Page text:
Sociopaths know the difference between right and wrong; they just don’t care – My Psychology 101 Professor
I don’t lose sleep over what I have done or have nightmares about it – Dennis Nilsen, Serial Killer
We are not sociopaths at Bourke Accounting. In fact, we’re pretty sympathetic towards one another. For example, when an employee’s birthday rolls around, Bill throws a little party and Phil bakes a cake. We treat each other with respect, we help each other out and it’s all very nice and it’s all very civilized.
We spend a lot of time concerned about feelings and the well-being of each other. And sometimes I wonder: wouldn’t everything be simpler if we all just decided to be sociopaths?
The term “sociopath” is actually an outdated moniker that mental health professions shy away from these days. The preferred classification, as outlined in the newest edition of the Diagnostic and Statistical Manual of Mental Disorders (every shrink’s travel guide), is Antisocial Personality Disorder (Webmd.com). However, “sociopath” sounds cooler and I’ll be using it for the duration of this writing.
With movies like Joker and The Silence of the Lambs, we tend to think of every sociopath as a clever and stylish killer. But, as with a lot of things, reality is more mundane than fantasy. So, what is a sociopath, really? According to the Mayo Clinic, a sociopath suffers from a “mental disorder in which [the] person…shows no regard for right and wrong and ignores the rights and feelings of others.” With this definition, it’s easy to understand how serial killers are often diagnosed as sociopaths; they clearly have no respect for the boundaries of others.
However, the majority of sociopaths don’t hit the infamous depths of someone like Ted Bundy. In fact, Health.com cited a study that “estimated that as many as 3.8% of Americans” could be defined as sociopathic. So, if you’re at a party and can’t guess who the sociopath is, well, it might just be you. If you’re not quite sure, Psycom.net has a handy little “Are You a Sociopath” quiz (when I took it, my score said that I had “little to no indication of antisocial personality disorder.” I know, I was surprised, too).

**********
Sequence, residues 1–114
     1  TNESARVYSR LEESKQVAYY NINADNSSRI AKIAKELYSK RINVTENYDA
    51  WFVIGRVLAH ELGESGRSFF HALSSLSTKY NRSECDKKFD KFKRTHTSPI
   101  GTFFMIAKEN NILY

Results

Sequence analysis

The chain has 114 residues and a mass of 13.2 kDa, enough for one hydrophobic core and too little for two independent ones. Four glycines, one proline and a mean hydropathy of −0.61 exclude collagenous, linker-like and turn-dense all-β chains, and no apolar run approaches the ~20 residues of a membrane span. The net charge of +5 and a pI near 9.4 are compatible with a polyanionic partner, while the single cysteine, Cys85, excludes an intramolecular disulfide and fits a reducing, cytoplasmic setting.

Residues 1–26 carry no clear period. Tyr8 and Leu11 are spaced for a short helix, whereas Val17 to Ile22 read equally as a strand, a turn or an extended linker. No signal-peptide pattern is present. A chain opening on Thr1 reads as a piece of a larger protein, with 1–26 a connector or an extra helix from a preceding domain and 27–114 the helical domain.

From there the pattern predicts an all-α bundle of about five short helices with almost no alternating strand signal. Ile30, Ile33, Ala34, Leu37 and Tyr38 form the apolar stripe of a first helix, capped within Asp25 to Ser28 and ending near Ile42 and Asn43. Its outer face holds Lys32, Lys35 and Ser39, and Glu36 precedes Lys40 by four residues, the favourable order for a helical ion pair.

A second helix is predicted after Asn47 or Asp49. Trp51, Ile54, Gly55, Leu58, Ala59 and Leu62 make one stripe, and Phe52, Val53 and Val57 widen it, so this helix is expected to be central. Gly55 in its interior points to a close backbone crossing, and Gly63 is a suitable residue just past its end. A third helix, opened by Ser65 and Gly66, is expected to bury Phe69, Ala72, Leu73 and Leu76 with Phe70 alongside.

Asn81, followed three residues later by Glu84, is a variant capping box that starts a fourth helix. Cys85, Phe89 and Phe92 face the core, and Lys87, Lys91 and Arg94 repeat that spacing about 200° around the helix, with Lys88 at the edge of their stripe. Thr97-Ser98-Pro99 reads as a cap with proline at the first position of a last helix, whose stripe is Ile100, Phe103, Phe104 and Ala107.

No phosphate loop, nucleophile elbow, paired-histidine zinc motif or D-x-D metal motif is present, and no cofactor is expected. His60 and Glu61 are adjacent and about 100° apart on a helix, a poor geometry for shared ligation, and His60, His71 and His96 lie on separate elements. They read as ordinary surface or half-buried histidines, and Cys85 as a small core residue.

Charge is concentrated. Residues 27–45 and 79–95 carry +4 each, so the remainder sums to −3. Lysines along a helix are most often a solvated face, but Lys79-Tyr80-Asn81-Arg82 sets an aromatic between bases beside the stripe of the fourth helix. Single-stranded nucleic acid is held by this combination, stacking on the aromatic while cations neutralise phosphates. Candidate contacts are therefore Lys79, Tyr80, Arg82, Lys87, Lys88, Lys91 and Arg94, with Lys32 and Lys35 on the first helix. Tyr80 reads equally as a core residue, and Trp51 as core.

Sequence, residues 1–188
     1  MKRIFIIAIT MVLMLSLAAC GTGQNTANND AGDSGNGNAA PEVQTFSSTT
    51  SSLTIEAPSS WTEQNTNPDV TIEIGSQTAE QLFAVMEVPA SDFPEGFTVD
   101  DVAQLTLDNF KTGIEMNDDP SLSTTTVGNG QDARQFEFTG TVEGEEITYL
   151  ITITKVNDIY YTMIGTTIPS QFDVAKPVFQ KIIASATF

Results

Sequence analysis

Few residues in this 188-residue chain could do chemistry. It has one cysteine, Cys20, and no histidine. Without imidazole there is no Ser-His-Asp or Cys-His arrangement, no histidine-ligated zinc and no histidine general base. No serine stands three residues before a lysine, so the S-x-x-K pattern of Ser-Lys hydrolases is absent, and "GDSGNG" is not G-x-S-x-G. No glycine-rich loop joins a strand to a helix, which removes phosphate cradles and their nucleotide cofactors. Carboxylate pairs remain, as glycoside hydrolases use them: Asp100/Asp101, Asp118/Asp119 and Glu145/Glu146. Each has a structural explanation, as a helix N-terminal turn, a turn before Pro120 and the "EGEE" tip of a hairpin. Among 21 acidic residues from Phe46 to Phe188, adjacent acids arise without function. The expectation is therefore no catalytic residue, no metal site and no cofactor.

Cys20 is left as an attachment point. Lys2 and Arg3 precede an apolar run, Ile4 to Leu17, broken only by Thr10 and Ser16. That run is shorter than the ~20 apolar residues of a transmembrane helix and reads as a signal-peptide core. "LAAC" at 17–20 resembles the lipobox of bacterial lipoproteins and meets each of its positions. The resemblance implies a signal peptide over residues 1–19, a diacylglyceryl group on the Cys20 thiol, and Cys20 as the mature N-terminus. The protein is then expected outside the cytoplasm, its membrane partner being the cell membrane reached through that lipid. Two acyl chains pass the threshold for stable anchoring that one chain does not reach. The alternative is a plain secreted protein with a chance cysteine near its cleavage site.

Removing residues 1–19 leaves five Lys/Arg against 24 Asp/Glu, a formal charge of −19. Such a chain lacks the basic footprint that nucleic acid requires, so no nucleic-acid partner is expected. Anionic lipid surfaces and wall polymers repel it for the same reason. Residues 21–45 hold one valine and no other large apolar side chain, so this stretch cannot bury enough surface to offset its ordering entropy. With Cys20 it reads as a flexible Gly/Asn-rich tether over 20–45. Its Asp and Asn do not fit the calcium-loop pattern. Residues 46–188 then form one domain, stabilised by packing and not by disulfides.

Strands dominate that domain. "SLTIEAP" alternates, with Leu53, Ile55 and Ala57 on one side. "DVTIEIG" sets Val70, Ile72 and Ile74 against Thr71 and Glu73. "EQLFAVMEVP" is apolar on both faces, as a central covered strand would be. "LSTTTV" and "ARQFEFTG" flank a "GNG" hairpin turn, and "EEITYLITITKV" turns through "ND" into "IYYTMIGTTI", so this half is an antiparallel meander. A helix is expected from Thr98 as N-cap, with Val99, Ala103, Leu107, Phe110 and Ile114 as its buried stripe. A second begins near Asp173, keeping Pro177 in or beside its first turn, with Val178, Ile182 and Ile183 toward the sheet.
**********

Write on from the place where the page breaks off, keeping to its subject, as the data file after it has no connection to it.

Now, for someone like me, who is still feeling guilty for accidentally killing a spider when I was ten, being a sociopath seems pretty attractive. For example, sociopaths generally don’t feel remorse. Also, they don’t have any sense of responsibility, never hold themselves accountable for anything and basically do what they want when they want (Healthline.com). I’m not saying we should be sociopaths all the time, but we should each get, say, a half an hour a day to be a sociopath (with no casualties, obviously).
As it turns out, I can never be a sociopath. Whereas some mental troubles are organic in nature – you’re either born that way or you’re not – sociopathic people are created. There is no ingrained brain malfunction, sociopaths are simply brought up in really bad households (Psychcentral.com) and the behavior manifests in adult behavior.
Maybe I don’t really want to be a sociopath. Being free from guilt and responsibility sounds awesome, but I’m too used to guilt and feeling that pesky sense of responsibility to change now. Also, I would look terrible in a prison uniform.
We aren’t sociopaths at Bourke Accounting, but it’s okay if you are. Just as we don’t discriminate against tattoos, your Bourke Accounting bookkeeper or tax preparer will still give you the best in financial advice and services – even if you are a gentler Hannibal Lecter. Since the world is mad anyway, Bourke Accounting welcomes all with open arms.
Written by Sue H.